Matthew Continetti writes:
Last week John Nolte of Breitbart observed that the mainstream media had failed to break any of the controversial news occupying Washington. This week Paul Farhi of the Washington Post, without intending to, explained why.
There are four stories harming President Obama’s approval rating, and the heirs of Tarbell and Woodward and Novak uncovered none of them. The long-simmering tale of what happened before, during, and after the attack on the American consulate in Benghazi, Libya, on Sept. 11, 2012, was all but ignored by media other than Fox until Gregory Hicks’ blockbuster testimony before the House Oversight Committee last month. It was the IRS, in a carefully planned “apology,” that revealed to the world it had targeted the applications of conservative and Tea Party groups for special scrutiny. The Justice Department, not the press, announced it had been scouring AP phone records to plug national security leaks. And Edward Snowden, the contractor who exposed secret intelligence, went to the Guardian, a left-wing British rag, with his scoop. (Only when Snowden’s anti-anti-terror accomplice Laura Poitras suggested, in the words of Guardian writer Glenn Greenwald, “It would be good to have the Washington Post invested in the leak, so it wasn’t just us—to tie in official Washington in the leak” did the three filtradors approach former Post reporter Barton Gellman.)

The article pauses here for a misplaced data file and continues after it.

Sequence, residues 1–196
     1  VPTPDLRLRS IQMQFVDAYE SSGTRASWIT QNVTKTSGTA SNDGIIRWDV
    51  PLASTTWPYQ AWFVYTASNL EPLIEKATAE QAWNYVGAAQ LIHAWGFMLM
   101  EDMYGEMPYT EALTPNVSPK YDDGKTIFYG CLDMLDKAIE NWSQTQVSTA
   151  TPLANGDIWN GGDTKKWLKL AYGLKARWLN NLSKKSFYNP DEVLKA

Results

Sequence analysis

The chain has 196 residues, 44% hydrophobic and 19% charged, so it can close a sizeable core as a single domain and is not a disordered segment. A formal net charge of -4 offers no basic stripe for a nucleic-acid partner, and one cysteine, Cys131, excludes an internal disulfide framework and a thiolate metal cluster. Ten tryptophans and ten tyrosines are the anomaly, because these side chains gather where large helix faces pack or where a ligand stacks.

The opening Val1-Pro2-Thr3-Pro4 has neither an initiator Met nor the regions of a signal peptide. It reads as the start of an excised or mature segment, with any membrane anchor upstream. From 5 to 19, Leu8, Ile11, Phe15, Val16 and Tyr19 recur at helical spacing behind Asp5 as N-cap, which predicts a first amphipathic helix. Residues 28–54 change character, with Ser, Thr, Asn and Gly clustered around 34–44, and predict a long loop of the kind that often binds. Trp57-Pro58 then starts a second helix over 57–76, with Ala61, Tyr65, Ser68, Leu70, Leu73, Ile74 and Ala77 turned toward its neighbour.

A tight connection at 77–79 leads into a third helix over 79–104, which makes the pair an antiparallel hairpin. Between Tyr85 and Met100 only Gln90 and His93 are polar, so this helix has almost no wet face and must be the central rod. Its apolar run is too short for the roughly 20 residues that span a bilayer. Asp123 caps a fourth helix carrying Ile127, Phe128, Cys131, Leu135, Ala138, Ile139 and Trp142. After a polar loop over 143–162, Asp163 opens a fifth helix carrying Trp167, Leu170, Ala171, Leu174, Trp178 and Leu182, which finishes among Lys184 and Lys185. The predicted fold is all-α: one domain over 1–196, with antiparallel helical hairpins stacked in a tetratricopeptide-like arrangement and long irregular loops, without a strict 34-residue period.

Four stories, four separate races in which the establishment press, the major print dailies and the heavily watched network broadcasts, are sweating to catch up. “We are getting big stories wrong, over and over again,” said Scott Pelley, the anchor of the CBS evening news, in a speech at Quinnipiac University in May. Did he, did anybody, read the June 13 Washington Post, I wonder; did Pelley’s eye scan the innocuous headline—“Media, administration deal with conflicts”—and the well-kneaded copy below? If so he would have learned much about life in the capital city.